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updated 6:28 PM CEST, Apr 3, 2020
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The Czech health-care system is based on compulsory statutory health insurance providing virtually universal coverage and a broad range of benefits, and doing so at 7.7% of GDP in 2012 – well below the EU average – of which a comparatively high 85% was publicly funded. Some important health indicators are better than the EU averages (such as mortality due to respiratory disease) or even among the
best in the world (in terms of infant mortality, for example). On the other hand, mortality rates for diseases of the circulatory system and malignant neoplasms are well above the EU average, as are a range of health-care utilization rates, such as outpatient contacts and average length of stay in acute care hospitals. In short, there is substantial potential in the Czech Republic for efficiency gains and to improve health outcomes. Furthermore, the need for reform in order to financially sustain the system became evident again after the global financial crisis, but there is as yet no consensus about how to achieve this.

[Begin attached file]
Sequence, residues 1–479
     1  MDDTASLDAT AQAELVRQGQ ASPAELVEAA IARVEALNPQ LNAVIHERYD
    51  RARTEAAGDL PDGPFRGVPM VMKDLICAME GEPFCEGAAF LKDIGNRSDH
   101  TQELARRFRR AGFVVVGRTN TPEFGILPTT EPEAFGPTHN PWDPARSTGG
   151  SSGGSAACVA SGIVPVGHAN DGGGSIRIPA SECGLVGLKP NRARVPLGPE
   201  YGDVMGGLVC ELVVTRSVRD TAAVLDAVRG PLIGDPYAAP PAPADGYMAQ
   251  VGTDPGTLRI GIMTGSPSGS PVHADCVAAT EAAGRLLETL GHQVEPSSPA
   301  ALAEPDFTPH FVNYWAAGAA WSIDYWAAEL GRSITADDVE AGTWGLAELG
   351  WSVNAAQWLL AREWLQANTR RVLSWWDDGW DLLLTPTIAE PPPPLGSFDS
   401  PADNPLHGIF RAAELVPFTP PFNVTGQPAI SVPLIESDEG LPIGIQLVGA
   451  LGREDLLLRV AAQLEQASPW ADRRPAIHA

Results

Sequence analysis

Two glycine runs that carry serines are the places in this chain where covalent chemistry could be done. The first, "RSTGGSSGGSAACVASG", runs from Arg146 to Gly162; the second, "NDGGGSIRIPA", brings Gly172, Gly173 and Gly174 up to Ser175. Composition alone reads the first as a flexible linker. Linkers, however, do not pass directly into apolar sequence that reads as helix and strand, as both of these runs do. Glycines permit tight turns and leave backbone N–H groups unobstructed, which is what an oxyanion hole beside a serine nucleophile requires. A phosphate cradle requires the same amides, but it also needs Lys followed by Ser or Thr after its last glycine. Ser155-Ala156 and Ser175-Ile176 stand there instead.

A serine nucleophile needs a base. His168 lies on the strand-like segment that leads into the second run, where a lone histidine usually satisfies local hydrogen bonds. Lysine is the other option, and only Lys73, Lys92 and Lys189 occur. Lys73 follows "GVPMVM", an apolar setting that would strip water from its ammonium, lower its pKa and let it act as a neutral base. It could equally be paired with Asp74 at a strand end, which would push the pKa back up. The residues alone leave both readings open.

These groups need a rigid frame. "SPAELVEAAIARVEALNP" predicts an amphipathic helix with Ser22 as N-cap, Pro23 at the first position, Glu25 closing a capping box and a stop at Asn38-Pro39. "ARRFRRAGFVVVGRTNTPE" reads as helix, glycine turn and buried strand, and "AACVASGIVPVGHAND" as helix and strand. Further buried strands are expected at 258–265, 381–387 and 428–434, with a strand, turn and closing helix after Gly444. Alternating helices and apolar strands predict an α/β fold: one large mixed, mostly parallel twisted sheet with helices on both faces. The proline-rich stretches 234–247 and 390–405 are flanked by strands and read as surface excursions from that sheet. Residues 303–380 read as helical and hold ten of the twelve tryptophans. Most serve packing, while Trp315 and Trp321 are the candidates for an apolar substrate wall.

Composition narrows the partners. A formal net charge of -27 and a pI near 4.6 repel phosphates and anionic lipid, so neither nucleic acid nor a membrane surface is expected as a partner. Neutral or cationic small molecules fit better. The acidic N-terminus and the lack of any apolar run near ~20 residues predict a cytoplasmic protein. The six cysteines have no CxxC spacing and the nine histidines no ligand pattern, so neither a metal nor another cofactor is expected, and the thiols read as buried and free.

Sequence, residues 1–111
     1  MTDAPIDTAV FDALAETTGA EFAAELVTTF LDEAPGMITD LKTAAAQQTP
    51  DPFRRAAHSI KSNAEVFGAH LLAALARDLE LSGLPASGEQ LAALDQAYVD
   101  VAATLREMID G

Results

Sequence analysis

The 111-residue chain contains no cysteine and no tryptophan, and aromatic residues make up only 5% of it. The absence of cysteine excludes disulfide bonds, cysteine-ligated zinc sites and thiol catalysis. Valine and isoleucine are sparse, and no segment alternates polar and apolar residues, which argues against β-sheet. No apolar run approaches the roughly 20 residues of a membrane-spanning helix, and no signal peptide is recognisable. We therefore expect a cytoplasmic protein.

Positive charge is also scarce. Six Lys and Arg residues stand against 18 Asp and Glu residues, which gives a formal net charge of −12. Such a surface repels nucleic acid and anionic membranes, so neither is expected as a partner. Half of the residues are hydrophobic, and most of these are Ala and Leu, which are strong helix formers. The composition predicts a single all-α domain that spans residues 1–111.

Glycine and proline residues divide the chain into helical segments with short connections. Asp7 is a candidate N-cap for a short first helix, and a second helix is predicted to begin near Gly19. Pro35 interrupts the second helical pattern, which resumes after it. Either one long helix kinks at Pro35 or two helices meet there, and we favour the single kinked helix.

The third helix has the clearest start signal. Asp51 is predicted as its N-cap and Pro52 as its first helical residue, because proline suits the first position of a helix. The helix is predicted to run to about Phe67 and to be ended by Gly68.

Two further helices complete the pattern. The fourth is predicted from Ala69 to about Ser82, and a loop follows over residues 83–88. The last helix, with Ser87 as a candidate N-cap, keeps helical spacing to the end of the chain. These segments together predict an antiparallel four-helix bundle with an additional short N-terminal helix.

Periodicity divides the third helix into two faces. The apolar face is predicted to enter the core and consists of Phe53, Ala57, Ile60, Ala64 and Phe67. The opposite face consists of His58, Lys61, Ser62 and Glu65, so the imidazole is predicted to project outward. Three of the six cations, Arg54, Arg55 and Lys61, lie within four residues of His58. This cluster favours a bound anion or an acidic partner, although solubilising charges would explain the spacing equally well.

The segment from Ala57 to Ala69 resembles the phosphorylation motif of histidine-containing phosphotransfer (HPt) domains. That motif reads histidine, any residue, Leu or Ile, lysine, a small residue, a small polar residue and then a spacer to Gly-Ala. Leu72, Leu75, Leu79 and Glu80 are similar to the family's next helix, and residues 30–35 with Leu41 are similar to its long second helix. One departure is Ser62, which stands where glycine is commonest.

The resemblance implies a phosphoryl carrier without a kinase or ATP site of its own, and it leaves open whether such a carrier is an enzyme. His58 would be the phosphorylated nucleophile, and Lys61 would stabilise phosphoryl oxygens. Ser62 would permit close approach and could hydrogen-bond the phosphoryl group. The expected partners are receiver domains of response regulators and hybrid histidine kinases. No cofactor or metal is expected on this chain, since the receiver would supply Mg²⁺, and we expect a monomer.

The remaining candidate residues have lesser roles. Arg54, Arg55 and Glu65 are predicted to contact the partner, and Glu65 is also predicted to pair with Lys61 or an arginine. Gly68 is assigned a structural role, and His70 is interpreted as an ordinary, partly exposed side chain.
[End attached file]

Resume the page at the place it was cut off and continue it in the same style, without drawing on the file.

The Czech Republic has a system of statutory health insurance (SHI) based on compulsory membership of a health insurance fund, of which there were seven in 2014. The funds are quasi-public, self-governing bodies that act as payers and purchasers of care. The core health legislation of the Czech Republic was adopted in the 1990s and has changed only marginally since then.
The Ministry of Health’s chief responsibilities include setting the health-care policy agenda, supervising the health system and preparing health legislation. The Ministry also administers certain health-care institutions and bodies, such as the State Institute for Drug Control (SÚKL), which is the main regulatory body for pharmaceuticals.
The 14 regional authorities (kraje) and the health insurance funds play an important role in ensuring the accessibility of health care, the former by registering health-care providers, the latter by contracting them. Czech residents may freely choose their health insurance fund and health-care providers. The health insurance funds must accept all applicants; risk selection is not permitted (though there is risk equalization between the funds, see below).
The use of information and communications technology (ICT) is generally underdeveloped in the Czech Republic; for instance plans to implement national e-health capacities have not been realized. Similarly, efforts to develop approaches for health technology assessment have not yet materialized into an infrastructure for using HTA in practice.